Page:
Date: Wed, 25 Feb 2009 15:56:00 -0500
Reply-To: Peter Flom <firstname.lastname@example.org>
Sender: "SAS(r) Discussion" <SAS-L@LISTSERV.UGA.EDU>
From: Peter Flom <peterflomconsulting@MINDSPRING.COM>
Subject: Re: oversampling too much?
Content-Type: text/plain; charset=UTF-8
>> I am not an expert on this area, but
>> 1) I don't see how oversampling from an existing data set helps. I could see
>> oversampling when *building* a data set. You want to oversample rare populations so that
>> you have enough people from those populations. But in your situation, I think the
>> only advantage of oversampling would be the speed with with the logistic regression runs.
>> (That's just my intuition ....)
>When I used oversampling, I can select about 20 variables after
>backward logistic; however, if not-oversamples, I can only get 4
>variables. It seems oversampling can help get the features.
Backward selection is a good way to get too many variables in the model, and all the results from backward (or forward, or stepwise) are wrong: p values are too low, standard errors are too small, estimates are biased away from 0. You will certainly get a more COMPLEX model. That doesn't mean you will get a better one.
>> 2) I am concerned with any model that has 500 variables, *regardless* of the number of cases.
>> The rule of thumb of 10-1 is not bad, but it's not ironclad. What are these 500 variables? How are they related?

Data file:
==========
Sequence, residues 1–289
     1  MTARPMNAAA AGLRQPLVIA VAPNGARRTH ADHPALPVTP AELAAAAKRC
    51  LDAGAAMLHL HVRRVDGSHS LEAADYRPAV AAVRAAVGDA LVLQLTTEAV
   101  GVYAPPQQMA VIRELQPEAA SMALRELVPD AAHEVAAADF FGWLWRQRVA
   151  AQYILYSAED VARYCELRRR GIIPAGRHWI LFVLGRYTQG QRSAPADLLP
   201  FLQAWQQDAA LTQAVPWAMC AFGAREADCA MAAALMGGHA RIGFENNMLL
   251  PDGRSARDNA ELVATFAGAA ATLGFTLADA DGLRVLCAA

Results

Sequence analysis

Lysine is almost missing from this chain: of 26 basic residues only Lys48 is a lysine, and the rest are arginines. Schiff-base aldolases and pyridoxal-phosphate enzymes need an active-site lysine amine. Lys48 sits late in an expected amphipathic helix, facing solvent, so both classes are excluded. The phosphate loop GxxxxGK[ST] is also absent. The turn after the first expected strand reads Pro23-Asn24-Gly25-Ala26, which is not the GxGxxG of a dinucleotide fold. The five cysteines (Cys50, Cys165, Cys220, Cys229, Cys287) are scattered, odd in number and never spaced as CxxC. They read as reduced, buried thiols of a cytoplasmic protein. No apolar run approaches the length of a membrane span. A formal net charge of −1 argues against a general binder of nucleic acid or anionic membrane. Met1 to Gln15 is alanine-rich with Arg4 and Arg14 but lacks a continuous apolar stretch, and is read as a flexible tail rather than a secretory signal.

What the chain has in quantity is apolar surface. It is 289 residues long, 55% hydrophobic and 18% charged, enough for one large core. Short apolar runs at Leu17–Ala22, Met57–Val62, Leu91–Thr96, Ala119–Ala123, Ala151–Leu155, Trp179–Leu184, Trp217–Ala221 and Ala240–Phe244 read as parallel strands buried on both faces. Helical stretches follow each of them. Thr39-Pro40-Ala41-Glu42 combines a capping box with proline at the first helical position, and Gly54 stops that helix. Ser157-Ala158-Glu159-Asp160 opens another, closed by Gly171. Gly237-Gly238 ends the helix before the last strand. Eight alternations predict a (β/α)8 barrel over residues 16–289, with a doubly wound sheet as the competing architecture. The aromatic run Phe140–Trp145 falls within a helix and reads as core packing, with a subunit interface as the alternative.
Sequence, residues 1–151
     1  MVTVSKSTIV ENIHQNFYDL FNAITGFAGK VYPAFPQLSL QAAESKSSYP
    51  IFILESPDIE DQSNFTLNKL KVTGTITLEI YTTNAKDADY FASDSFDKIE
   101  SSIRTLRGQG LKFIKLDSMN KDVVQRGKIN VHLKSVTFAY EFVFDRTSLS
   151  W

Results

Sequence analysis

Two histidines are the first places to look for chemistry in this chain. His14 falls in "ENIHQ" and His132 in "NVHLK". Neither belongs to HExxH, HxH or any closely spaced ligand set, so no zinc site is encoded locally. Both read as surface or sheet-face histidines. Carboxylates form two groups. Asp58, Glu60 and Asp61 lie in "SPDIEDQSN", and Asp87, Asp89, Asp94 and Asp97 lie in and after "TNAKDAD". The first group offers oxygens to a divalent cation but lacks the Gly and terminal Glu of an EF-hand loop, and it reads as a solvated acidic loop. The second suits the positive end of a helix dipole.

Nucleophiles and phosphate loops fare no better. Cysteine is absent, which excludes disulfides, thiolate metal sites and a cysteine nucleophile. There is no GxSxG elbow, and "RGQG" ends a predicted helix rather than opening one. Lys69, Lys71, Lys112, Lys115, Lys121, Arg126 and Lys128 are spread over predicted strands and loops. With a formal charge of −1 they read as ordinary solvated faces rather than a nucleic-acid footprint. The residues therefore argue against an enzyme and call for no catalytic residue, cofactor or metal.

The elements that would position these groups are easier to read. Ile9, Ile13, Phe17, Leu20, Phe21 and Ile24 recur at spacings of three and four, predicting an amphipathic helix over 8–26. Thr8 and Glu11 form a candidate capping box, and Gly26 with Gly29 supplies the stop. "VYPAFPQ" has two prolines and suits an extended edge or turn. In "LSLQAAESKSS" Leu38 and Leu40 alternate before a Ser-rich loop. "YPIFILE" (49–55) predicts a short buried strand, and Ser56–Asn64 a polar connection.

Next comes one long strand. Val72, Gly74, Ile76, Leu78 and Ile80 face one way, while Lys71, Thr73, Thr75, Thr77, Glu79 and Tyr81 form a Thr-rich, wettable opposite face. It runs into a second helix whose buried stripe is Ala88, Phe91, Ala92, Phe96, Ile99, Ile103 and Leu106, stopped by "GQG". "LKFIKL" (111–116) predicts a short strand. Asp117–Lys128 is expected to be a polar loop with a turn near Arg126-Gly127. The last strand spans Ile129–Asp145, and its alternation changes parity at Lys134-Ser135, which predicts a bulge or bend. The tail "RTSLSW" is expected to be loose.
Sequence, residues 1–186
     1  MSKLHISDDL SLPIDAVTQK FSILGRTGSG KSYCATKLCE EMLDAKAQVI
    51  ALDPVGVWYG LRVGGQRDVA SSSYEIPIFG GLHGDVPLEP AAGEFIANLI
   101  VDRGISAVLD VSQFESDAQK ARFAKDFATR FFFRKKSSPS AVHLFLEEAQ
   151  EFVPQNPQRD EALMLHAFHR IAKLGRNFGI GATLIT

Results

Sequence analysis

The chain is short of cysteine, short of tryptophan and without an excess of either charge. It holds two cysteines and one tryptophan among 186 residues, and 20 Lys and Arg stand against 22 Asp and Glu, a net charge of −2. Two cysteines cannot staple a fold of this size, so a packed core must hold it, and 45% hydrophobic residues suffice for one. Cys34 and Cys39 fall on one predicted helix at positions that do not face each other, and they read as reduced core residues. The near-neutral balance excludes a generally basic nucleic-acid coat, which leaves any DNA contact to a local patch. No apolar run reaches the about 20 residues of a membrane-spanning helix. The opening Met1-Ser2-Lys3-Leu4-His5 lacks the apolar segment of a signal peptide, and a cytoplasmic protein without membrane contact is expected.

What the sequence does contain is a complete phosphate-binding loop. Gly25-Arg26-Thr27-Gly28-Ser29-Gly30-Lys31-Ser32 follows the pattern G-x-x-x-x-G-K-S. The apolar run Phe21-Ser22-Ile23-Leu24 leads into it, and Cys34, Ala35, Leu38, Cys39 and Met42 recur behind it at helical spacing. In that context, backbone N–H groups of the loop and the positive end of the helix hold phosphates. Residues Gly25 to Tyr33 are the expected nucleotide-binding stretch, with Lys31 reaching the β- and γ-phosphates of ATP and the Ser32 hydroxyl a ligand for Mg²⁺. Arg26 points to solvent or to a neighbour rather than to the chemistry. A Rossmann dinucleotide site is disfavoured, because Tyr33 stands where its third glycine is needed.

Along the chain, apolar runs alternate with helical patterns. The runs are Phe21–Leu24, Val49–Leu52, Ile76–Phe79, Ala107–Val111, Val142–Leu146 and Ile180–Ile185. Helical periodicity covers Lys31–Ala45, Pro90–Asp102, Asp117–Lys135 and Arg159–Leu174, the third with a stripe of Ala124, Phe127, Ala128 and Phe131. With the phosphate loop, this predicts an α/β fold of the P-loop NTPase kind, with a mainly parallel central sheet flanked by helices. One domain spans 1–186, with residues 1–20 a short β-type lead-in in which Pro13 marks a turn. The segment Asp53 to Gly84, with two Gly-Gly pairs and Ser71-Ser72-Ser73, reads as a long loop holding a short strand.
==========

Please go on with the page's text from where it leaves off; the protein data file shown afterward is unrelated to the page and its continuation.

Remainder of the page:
>Yes, we have 500+ variables available, including demographic data,
>bank accout information, transactions history, etc. The final model
>contains about 8 variables which were selected using business sense,
>VARCLUS, LOGISTICS backward, etc.
I am still skeptical that there are 500 things about a person that would be helpful for anything.
Backwards logistic (or OLS, or anything) - see above.
VARCLUS can be interesting with large data sets like this. But I would then use the results of VARCLUS as input to a regression.
>> 3) Since you are in marketing, I imagine you are mainly or entirely interested in prediction, rather than explanation. You might consider multimodel averzging (see a book by Burnham and Anderson)
>Yes, we are predicting whether the customer will response to a mail
>offer or not.
Take a look at these two books:
Harrell: Regression Modeling Strategies
Burnham and Anderson: Model selection and multimodel averaging
Very valuable, in my opinion.
For a much shorter take on why stepwise methods are bad, see a talk that I gave with David Cassell at various user group meetings. It's available various places, e.g.
Peter L. Flom, PhD
www DOT peterflomconsulting DOT com